The output of the household outlet is AC. But when repairing one of those, I found that there was a LED (used as indicator) in there. Since LED is a diode, it must switch on 60 times and switch off 60 times in a second, since frequency is 60Hz in my region. But I saw that the LED is constantly on. Is the LED really constantly on or is it my inability to see it switching on and off regularly?
Yes, such indicators often do flicker. Try sweeping your vision across it rapidly. You'll likely see a series of dots.
For example, here's an outlet in my kitchen:
And here's a picture of it taken with deliberate motion blur:
The flicker actually bothers me when I walk through the dark kitchen at night, in the same way that the PWM taillights on moderns cars do when driving at night.
The indicator you pictured looks more like a neon lamp than an LED to me.
But yes indicators do flicker based on the line frequency, for a neon or for a LED driven with a bridge rectifier the flicker will be at double line frequency (120Hz in north america 100Hz in Europe) which renders it invisible. OTOH if a LED is driven "half-wave" the flicker will be at line frequency (60Hz in north america, 50Hz in Europe) which is just on the edge of being noticable for humans.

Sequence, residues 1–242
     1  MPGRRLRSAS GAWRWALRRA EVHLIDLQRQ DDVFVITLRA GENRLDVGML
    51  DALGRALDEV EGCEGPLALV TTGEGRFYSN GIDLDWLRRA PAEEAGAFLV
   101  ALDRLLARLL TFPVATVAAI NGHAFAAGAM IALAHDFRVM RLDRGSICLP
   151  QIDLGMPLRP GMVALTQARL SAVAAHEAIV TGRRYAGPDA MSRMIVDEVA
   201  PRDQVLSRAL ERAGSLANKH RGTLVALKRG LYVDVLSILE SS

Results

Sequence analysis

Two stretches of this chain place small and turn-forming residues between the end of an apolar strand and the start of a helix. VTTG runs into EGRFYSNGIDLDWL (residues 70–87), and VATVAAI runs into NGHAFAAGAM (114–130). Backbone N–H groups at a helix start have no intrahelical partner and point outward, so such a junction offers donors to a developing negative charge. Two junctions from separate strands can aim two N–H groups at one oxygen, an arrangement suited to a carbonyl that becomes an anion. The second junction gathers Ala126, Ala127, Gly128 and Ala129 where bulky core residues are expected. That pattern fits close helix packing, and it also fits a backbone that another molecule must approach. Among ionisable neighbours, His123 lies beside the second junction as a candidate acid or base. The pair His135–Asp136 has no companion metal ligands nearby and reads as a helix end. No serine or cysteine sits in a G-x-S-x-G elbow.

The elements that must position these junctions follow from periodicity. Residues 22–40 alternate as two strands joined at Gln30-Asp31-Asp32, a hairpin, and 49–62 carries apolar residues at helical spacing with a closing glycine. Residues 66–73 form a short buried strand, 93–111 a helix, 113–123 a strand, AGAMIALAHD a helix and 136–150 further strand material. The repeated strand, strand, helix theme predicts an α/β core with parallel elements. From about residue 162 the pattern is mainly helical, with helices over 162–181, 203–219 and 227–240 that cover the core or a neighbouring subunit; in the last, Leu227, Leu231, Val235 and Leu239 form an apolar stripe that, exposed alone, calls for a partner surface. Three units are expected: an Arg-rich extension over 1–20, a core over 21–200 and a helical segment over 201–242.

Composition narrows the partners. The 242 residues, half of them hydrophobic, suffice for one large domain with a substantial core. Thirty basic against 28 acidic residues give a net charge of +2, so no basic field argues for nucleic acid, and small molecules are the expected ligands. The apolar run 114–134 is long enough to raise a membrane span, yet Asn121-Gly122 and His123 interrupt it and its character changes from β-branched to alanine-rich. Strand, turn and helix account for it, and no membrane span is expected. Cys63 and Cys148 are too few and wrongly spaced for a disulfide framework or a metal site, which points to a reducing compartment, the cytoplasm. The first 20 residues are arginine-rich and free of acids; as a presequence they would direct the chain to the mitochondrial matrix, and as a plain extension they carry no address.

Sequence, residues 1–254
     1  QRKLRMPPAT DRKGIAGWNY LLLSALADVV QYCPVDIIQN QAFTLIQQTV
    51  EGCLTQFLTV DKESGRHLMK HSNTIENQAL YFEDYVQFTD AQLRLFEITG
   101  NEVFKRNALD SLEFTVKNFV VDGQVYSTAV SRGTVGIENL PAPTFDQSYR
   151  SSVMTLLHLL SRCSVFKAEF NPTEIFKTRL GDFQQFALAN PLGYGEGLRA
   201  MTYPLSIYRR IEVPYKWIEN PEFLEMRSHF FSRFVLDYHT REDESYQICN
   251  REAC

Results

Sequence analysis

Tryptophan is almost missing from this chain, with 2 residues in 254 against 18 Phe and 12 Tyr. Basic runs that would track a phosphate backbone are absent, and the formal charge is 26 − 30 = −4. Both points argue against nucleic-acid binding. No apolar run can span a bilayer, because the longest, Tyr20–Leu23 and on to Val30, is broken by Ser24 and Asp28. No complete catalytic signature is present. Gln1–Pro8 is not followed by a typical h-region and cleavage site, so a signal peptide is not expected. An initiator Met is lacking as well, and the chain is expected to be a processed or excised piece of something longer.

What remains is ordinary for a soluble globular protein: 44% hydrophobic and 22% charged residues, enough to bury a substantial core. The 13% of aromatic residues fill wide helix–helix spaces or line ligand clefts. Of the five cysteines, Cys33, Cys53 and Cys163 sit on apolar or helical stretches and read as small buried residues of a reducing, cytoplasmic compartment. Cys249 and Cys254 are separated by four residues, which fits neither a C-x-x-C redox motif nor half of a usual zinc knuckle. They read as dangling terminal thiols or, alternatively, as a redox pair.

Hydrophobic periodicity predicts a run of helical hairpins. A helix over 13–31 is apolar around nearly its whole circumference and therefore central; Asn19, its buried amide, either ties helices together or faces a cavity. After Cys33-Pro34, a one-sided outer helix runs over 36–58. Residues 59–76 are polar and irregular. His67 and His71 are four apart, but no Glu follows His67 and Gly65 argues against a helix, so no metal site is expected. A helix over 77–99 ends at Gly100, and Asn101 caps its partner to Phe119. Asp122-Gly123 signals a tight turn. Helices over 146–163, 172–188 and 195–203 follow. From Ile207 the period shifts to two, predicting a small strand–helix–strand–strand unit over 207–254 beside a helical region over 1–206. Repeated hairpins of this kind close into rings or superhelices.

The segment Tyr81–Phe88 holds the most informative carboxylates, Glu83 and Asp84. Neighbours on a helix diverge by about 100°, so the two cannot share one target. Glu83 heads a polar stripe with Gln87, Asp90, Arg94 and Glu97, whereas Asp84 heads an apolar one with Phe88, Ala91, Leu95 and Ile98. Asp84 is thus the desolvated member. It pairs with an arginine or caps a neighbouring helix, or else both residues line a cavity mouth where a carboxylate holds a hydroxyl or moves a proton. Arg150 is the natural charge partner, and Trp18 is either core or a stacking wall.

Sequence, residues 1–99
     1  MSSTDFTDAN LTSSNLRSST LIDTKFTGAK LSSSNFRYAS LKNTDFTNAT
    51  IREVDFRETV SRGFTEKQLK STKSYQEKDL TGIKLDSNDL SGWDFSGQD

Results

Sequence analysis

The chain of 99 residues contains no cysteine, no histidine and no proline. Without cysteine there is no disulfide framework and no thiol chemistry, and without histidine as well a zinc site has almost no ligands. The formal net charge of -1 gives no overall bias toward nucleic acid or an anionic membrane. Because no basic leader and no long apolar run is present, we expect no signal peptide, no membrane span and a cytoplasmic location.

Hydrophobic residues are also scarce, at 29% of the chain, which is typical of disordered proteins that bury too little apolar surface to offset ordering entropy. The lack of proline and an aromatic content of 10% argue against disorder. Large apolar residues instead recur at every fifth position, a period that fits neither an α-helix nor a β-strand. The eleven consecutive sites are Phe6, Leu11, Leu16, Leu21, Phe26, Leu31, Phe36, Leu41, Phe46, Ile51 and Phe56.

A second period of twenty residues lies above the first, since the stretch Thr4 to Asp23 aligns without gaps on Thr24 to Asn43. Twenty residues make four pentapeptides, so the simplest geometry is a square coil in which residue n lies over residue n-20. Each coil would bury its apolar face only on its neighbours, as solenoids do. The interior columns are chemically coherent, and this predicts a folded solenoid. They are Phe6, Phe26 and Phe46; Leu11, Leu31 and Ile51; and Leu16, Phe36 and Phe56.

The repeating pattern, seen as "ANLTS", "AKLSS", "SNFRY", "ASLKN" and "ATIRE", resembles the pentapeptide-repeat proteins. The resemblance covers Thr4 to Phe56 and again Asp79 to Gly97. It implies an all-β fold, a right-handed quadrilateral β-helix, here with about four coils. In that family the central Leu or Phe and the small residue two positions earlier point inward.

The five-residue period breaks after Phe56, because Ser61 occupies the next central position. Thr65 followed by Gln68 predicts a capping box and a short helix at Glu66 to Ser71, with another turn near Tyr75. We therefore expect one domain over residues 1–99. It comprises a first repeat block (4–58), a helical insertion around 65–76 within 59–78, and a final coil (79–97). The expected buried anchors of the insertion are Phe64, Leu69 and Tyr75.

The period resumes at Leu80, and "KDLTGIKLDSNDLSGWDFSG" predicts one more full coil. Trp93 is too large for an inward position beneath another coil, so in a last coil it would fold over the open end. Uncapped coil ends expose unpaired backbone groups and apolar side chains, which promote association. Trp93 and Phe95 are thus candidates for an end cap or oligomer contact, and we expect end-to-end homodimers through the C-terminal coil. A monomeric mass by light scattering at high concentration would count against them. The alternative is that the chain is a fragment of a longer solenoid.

Old neons also frequently develop a slow flicker (much slower than line frequency), i'm not an expert on why but there is some discussion at Why a neon lamp indicator on power strip switch flickers in the dark?
How can I confirm whether it is a neon lamp or LED?
There are a few clues.
The first is the visual appearance, Neons are glass bulbs with two identical looking wires inside and usually a lump sticking out the top where the bulb was sealed, LEDs are lumps of plastic, sometimes with a visible asymmetric electrode arrangement inside
The second is what it is connected to. Neons can be connected to the mains with a simple resistor. With LEDs you will generally find at least an diode in reverse parallel (to protect the LED from reverse voltage), a series capacitor (to drop the bulk of the voltage) and a series resistor (to protect against spikes).